From the pier we can see the boardwalk still. Chasity confesses she wants to ride the roller coaster again. So we walk back, wait in line and manage to score seats in the front of the first car. It is just us, the wind, and the creaking wood of the fifth oldest roller coaster in the country (and our souvenirs stuffed in my bra). It is everything we dreamed of and we go to bed happy, with full bellies still floating somewhere near our hearts.

On Friday morning, I am greeted with my period as we say goodbye to Santa Cruz. I’m annoyed but I also knew it would probably happen on this trip. We have a reservation at the “Mystery Spot”. To kill time beforehand, we visit a botanical garden on a hill top. I’m trying to keep my menstruation from Chasity because I don’t want her to know how miserable I am. This trip is about having fun dammit. So I navigate to parts of the gardens that are close to the bathroom. 34 years old and I still care if I have blood on my pants.

After the gardens, we find an art center with a sculpture park. (I’m always looking for free places to linger.) Chasity takes a phone call from her mom and I see a utility building that reminds me of a Wes Anderson movie. I prop up my phone and make a quick video clip. Chasity doesn’t realize what I’m doing and paces in front of me on her phone. When I review the clip, it looks like it was meant to be. So, we make more Wes Anderson inspired video clips that I have no idea what I will do with.

When it is time for our reservation at the Mystery Spot we are pleasantly surprised by the establishment, it’s organization and it’s witty guides. We are convinced there is in fact something fishy about the “gravity” of the area. Example after example is drilled into our heads about how the mystery spot makes tall people short and makes water run uphill.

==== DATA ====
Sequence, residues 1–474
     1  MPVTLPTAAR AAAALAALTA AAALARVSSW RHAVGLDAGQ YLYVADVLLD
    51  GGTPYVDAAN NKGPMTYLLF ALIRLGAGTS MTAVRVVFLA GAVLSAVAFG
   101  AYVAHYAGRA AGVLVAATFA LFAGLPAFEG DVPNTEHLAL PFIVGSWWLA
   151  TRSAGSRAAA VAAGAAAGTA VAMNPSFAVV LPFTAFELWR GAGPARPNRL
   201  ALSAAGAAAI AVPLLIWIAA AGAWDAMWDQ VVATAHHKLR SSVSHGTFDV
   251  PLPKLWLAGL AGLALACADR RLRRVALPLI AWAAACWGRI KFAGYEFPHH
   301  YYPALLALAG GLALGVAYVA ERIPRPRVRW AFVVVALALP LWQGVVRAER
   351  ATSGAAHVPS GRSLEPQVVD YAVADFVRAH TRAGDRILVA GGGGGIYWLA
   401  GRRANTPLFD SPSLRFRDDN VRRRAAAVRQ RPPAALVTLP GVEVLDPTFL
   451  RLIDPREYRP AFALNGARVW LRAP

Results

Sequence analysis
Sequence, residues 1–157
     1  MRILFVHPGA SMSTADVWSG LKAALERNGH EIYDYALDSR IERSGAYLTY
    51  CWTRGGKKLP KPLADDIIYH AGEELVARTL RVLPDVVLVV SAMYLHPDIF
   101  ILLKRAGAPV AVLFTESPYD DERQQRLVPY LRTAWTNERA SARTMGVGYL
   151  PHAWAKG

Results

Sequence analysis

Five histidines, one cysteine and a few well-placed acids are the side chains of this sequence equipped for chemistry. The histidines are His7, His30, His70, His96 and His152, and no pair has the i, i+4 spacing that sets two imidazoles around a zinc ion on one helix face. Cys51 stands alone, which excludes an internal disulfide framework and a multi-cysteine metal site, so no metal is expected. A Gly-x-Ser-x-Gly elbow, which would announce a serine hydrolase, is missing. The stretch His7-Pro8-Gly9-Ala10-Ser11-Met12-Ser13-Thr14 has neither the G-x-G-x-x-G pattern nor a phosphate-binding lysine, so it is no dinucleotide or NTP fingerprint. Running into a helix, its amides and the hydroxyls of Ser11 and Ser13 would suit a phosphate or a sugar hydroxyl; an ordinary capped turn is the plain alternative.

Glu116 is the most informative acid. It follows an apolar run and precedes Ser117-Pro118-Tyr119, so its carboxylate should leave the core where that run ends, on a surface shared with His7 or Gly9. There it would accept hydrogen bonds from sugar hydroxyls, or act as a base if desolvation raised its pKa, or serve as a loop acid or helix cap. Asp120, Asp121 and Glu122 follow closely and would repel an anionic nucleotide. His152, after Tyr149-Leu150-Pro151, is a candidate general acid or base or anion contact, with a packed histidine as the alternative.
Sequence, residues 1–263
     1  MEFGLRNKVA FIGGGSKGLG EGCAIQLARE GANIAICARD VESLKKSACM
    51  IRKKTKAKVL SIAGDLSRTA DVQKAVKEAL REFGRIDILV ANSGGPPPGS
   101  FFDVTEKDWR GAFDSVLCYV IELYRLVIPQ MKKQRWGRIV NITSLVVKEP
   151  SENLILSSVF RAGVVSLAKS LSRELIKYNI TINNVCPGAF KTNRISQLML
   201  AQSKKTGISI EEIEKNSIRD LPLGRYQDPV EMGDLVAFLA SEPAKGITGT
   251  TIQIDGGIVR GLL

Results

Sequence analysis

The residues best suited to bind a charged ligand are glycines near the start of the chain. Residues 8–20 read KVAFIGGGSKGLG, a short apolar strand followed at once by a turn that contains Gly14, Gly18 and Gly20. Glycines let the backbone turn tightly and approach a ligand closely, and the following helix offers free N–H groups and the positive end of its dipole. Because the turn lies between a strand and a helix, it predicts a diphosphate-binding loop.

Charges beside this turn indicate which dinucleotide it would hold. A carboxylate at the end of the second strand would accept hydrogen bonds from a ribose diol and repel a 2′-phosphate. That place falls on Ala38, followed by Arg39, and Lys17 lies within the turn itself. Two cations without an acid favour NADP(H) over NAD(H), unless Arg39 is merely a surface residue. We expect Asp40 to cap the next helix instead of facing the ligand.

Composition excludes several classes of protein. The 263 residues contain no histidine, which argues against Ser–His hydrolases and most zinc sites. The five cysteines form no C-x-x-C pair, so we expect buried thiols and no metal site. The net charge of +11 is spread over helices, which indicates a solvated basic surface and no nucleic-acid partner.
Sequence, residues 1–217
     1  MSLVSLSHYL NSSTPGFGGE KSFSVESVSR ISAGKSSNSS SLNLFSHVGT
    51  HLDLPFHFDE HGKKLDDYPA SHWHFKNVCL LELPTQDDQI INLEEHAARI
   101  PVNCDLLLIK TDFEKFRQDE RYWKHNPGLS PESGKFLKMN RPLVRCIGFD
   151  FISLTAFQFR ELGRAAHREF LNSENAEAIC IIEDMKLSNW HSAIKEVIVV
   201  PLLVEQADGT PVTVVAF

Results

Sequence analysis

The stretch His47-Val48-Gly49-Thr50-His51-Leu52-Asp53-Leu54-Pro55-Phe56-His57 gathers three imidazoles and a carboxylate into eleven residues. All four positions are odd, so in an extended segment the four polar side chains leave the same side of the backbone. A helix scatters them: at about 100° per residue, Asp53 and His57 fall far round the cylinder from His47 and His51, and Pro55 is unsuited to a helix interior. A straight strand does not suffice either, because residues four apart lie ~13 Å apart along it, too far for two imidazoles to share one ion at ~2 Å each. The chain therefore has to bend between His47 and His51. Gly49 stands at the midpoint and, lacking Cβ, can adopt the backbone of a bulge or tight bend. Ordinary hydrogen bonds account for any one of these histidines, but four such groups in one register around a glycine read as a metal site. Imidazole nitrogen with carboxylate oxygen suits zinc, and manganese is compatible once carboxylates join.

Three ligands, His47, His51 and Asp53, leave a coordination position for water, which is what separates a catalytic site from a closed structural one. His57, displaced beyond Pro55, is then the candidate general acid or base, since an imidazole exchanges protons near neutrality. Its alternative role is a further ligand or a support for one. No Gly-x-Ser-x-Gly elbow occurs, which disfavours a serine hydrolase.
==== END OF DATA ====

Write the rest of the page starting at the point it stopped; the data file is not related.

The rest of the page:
I would say that the experience is worth it except, there are two small children wielding sticks, who are not only interrupting the guide but are straight up monopolizing the tour’s time and space. The main attraction, a building where ladders and table tops defy gravity and the iconic images are taken, is rendered impassable because these two children run rampant and unsupervised. I get separated from Chasity within the 15x8ft building and never even manage snap a photo. The guide calls out that our time is up and I am quietly considering complaining that the group was too big, that the time was not long enough, that I came from over 2000 miles away to see this, and will walk away having felt short changed. I wish I could have had all 45 minutes in the building. No tour guide. No demonstrations. Just me and Chasity learning about the space on our own terms. Where is the imagination these days?